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ising and reforming a vast and barbarous empire, will convince every one, that the czar Peter (with such justice styled THE GREAT) was a being so gifted and endowed, as has but rarely been permitted to appear in mortal mould--He died of a strangury, caused by an imposthume in the bladder, Jan. the twentyeighth, 1725, aged fifty-three.

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Born at Florence in December 1475, was the second son of Lorenzo de Medici, surnamed the Magnificent, and was in baptism called John. He was a Pontiff, whose history is intimately blended with that of literature and the refor mation; but of whose life scarcely any sketch will be deemed satisfactory, after the very luminous and interesting work of Roscoe. Being destined by his powerful father for the church, he was promoted before he knew what promotion meant; received the tonsure at the age of seven years; then two rich abbacies; and, before he ceased to be a boy, was invested with other preferments to the number of twenty-nine; and thus early imbibed that taste for aggrandise ment, which never afterwards left him.

Upon the accession of Innocent VIII. to the pontificate, John, then only thirteen years old, was nominated to the dignity of a cardinal: and, having thus secured his promotion, his father began to think of his education. On his nomination to the cardinalate, it was made a condition that he should spend three years at the university of Pisa, in professional studies, before he was formally invested with the purple. In 1492 this solemn act took place, and he imme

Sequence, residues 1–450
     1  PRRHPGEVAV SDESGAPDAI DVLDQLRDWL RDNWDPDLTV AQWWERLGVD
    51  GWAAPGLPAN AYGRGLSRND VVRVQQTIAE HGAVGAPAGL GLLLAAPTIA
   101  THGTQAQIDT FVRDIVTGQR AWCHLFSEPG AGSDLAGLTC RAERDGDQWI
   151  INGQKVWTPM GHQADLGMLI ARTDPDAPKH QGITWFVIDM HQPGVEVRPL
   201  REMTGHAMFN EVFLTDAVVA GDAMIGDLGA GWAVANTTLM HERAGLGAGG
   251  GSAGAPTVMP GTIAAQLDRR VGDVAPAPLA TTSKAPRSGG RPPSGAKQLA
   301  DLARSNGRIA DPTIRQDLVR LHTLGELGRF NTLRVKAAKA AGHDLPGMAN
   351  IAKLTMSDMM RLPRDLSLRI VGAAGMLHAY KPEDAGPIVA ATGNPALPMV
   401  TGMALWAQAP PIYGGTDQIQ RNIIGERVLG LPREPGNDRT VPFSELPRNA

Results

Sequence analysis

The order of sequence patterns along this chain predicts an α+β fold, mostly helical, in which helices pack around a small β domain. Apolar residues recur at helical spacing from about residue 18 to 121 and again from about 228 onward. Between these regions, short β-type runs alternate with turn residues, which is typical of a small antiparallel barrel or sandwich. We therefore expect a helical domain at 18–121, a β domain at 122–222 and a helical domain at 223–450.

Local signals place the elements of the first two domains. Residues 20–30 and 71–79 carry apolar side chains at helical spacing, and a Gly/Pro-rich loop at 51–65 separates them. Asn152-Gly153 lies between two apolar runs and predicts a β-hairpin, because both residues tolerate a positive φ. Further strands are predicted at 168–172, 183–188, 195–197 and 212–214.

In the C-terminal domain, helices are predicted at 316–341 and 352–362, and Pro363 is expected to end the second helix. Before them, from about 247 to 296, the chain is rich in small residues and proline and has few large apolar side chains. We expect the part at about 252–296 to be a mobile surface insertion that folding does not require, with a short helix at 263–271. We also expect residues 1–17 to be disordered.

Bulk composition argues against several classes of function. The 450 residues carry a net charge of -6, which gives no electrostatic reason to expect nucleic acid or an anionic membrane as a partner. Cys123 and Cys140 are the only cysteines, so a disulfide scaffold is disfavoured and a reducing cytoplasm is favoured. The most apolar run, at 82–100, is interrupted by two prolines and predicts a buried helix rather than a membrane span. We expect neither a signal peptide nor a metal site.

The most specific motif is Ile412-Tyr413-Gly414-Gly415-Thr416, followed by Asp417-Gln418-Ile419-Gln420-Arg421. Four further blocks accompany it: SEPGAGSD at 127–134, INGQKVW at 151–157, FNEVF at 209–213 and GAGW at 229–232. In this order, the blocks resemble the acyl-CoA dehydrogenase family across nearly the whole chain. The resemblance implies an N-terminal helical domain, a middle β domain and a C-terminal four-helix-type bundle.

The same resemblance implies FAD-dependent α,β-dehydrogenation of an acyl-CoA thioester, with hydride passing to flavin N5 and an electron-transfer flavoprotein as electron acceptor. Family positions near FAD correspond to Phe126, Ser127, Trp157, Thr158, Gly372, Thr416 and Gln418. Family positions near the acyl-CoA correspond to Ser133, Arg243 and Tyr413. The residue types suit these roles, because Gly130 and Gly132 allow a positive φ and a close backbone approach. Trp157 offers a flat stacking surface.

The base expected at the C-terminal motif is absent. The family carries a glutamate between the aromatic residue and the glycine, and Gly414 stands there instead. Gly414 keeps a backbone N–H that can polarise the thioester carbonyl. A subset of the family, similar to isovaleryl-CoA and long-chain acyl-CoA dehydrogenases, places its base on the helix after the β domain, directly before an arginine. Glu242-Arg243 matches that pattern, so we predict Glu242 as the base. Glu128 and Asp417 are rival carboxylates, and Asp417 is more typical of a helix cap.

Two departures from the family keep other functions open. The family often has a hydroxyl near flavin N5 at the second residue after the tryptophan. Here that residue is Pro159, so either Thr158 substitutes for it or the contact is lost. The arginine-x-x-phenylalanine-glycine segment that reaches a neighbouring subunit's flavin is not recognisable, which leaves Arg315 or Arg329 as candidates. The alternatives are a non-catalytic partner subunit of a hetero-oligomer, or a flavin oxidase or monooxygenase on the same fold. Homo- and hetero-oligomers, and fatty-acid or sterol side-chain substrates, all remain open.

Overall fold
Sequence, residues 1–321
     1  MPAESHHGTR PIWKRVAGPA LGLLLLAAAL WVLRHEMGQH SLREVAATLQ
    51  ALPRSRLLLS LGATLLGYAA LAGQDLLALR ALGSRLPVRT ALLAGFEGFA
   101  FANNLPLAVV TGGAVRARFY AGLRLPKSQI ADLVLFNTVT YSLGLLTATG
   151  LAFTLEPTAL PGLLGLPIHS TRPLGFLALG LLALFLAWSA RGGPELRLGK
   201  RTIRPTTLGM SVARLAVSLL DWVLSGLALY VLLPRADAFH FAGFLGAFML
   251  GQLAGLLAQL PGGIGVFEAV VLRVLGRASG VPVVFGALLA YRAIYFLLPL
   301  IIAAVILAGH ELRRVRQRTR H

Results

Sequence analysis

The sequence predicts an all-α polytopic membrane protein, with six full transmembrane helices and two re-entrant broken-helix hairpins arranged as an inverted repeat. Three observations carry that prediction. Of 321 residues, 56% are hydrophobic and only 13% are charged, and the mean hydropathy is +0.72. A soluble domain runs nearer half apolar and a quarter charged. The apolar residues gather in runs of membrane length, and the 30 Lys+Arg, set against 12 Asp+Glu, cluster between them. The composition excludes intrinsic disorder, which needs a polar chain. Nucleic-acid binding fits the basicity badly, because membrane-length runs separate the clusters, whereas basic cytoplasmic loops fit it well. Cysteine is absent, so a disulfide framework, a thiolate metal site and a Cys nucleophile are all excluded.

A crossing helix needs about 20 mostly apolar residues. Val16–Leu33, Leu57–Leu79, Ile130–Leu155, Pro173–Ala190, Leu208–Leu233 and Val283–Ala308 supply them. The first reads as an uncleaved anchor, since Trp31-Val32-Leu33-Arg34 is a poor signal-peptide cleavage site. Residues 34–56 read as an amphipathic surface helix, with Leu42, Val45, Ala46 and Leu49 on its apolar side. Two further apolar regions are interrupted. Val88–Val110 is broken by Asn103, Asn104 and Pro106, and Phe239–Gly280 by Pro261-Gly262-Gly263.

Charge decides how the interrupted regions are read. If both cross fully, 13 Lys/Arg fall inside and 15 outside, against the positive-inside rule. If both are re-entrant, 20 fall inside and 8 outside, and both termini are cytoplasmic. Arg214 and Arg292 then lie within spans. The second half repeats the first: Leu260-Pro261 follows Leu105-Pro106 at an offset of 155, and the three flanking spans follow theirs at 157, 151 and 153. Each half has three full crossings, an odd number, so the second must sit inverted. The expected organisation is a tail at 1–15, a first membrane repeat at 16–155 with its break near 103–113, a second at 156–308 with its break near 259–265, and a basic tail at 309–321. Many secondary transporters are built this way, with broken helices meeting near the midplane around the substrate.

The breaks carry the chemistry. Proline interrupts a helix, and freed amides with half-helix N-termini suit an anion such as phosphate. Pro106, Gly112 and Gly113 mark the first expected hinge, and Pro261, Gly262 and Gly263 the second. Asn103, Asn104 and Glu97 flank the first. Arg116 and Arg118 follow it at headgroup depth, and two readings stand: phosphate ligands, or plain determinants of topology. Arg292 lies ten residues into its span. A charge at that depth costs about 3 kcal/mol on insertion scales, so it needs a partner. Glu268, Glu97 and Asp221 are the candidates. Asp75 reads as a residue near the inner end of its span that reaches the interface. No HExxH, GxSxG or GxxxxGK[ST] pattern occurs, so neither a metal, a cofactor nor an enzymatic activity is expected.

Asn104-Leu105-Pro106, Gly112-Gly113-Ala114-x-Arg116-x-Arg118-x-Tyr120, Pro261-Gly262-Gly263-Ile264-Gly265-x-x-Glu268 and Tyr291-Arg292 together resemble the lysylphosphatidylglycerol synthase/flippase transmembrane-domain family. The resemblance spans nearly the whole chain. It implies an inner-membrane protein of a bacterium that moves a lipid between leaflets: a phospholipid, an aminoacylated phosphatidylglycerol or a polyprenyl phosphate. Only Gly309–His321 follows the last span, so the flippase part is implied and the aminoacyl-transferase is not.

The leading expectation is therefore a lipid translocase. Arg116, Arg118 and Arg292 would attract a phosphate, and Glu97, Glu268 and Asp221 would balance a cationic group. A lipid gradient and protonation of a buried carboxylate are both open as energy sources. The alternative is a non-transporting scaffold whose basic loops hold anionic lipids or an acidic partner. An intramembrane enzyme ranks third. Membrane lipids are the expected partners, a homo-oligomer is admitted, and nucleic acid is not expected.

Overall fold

diately took up his residence at Rome as one of the sacred college. Circumstances rendered his retirement to Florence expedient some time after his father's death; but, about 1500, he again became an inhabitant of the papal capital. In 1505, he was appointed by Pope Julius II. to the government of Perugia; and entrusted with the supreme direction of the papal army in the Holy League against the French in 1511, with the title of Legate of Bologna. Being made prisoner, the year following, at the bloody battle of Ravenna, he was conveyed to Milan; but effecting his escape to Florence, he remained in that city till the death of Julius II. in 1513, when he was elected Pope in his stead, in the thirty-eighth year of his age:

He now assumed the title of Leo X., and ascended the throne amidst very general manifestations of the public good will. Having secured external tranquillity, he consulted the interests of literature by numerous examples of munificent patronage. He restored to its former splendour the Roman gymnasium, or university; and founded a college of noble Grecian youths at Rome, for the purpose of editing Greek authors: a Greek press was also established by him in that city. Public notice was circulated throughout Europe, that all persons who possessed MSS. of ancient authors would be liberally rewarded on bringing or sending them to the

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